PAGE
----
By Jennifer Martin, PsyD, Columnist
Have you ever wondered if other people with chronic health conditions feel the same way you do?
Throughout my years with chronic pain and illness, along with the hundreds of patients I have counseled, I have found that, while everyone copes in their own way and experiences their condition uniquely, there are common feelings that most of us share.
When I first began counseling chronic pain patients, I often used Elizabeth Kübler-Ross’s “Five Stages of Grief” to help them understand what they were going through.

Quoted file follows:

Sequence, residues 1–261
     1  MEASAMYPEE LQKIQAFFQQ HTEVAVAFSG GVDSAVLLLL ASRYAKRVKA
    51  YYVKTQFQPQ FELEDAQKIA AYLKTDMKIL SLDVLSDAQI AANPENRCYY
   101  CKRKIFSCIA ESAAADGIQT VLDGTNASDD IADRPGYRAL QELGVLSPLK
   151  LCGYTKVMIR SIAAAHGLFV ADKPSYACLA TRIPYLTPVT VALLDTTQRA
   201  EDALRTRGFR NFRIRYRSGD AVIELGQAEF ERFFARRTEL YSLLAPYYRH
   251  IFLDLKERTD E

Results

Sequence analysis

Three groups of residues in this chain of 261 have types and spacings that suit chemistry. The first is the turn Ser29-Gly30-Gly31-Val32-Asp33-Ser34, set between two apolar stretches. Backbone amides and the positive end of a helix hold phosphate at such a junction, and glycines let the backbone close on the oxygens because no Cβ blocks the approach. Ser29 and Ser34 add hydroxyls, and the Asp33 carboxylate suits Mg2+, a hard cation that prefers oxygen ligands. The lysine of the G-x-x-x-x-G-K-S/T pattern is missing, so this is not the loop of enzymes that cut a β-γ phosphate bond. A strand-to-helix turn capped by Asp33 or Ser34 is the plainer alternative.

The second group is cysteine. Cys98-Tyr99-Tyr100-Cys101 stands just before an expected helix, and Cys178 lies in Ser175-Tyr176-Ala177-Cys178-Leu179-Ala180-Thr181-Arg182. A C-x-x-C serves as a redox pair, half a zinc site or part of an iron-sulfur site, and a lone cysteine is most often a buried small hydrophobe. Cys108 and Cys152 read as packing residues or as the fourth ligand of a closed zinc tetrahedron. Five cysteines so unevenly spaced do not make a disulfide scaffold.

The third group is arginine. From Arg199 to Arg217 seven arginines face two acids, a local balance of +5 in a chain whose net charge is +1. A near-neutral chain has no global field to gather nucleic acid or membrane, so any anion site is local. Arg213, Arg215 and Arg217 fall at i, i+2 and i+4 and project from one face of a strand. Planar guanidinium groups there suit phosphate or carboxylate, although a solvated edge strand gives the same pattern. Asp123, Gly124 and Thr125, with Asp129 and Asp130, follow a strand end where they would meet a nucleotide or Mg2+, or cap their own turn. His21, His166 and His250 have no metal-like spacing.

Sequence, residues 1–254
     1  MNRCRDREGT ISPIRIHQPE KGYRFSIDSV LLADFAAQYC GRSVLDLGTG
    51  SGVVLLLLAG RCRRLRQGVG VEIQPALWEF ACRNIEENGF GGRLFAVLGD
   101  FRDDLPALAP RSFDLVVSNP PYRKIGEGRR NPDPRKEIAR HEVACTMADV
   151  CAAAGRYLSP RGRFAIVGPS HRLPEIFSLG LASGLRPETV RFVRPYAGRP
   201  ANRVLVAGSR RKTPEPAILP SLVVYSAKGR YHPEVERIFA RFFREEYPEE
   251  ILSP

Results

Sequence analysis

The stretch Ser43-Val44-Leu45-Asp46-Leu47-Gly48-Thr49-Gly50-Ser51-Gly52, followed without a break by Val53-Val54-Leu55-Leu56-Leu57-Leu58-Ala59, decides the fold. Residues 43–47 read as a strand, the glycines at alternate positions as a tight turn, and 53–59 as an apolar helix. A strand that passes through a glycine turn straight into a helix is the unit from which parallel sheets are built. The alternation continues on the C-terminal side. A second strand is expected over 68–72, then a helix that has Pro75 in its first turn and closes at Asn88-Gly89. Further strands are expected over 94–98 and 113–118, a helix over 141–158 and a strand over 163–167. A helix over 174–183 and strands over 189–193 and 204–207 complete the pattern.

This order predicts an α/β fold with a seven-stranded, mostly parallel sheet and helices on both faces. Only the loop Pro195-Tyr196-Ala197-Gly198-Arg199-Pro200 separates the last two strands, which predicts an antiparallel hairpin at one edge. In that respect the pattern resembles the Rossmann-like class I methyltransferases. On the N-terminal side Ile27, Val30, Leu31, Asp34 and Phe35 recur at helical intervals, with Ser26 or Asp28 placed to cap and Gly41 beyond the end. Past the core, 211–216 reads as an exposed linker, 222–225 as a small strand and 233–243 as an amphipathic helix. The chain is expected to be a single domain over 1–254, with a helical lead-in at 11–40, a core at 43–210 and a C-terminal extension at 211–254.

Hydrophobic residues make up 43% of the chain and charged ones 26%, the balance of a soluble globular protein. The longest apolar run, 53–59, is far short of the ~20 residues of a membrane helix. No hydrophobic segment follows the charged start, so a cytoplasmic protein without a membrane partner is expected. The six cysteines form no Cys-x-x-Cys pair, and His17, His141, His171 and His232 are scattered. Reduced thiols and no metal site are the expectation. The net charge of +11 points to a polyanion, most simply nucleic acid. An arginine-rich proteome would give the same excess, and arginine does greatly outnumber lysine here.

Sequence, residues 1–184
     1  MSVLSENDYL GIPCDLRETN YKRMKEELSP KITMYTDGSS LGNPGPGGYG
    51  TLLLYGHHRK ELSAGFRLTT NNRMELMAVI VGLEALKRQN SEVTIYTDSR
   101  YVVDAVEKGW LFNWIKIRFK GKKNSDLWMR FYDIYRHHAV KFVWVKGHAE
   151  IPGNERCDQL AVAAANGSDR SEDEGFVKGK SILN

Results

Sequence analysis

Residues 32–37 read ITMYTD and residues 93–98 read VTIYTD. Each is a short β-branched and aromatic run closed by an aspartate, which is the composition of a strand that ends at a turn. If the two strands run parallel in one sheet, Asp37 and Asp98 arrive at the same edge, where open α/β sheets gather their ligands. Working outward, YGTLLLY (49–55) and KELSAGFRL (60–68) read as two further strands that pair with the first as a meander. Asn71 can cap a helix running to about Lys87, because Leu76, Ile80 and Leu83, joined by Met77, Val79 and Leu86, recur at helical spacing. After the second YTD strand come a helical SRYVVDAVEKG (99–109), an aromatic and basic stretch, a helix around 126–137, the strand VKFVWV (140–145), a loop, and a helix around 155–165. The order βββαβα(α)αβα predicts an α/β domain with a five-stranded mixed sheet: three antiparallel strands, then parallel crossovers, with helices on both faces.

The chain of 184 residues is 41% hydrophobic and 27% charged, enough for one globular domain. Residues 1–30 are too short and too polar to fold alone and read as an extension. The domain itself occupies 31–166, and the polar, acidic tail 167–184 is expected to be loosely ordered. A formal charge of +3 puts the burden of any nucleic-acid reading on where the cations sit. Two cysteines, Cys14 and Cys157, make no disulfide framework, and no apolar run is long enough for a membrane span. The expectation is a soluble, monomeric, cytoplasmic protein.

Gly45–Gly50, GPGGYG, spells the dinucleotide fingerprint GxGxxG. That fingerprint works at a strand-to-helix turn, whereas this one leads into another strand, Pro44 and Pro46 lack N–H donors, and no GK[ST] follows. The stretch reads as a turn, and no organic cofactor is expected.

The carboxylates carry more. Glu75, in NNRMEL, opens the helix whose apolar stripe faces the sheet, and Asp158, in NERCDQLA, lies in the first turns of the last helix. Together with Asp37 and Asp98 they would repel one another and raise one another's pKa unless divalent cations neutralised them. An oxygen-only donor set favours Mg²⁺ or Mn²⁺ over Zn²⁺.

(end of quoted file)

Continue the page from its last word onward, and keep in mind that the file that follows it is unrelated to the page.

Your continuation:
But as time went on, I reflected on what I experienced with my own chronic conditions and also on my patients’. It seemed that these stages, while very helpful, didn’t fully explain the broad range of emotions that people with chronic illness experience.
After all, Kubler-Ross developed them to explain the responses to grief and loss. Having a chronic illness can be viewed as a type of loss, but they were not developed specifically to explain the emotions of people experiencing chronic conditions.
I used Kübler-Ross’s stages as a model to develop the Seven Psychological Stages of Chronic Pain and Illness: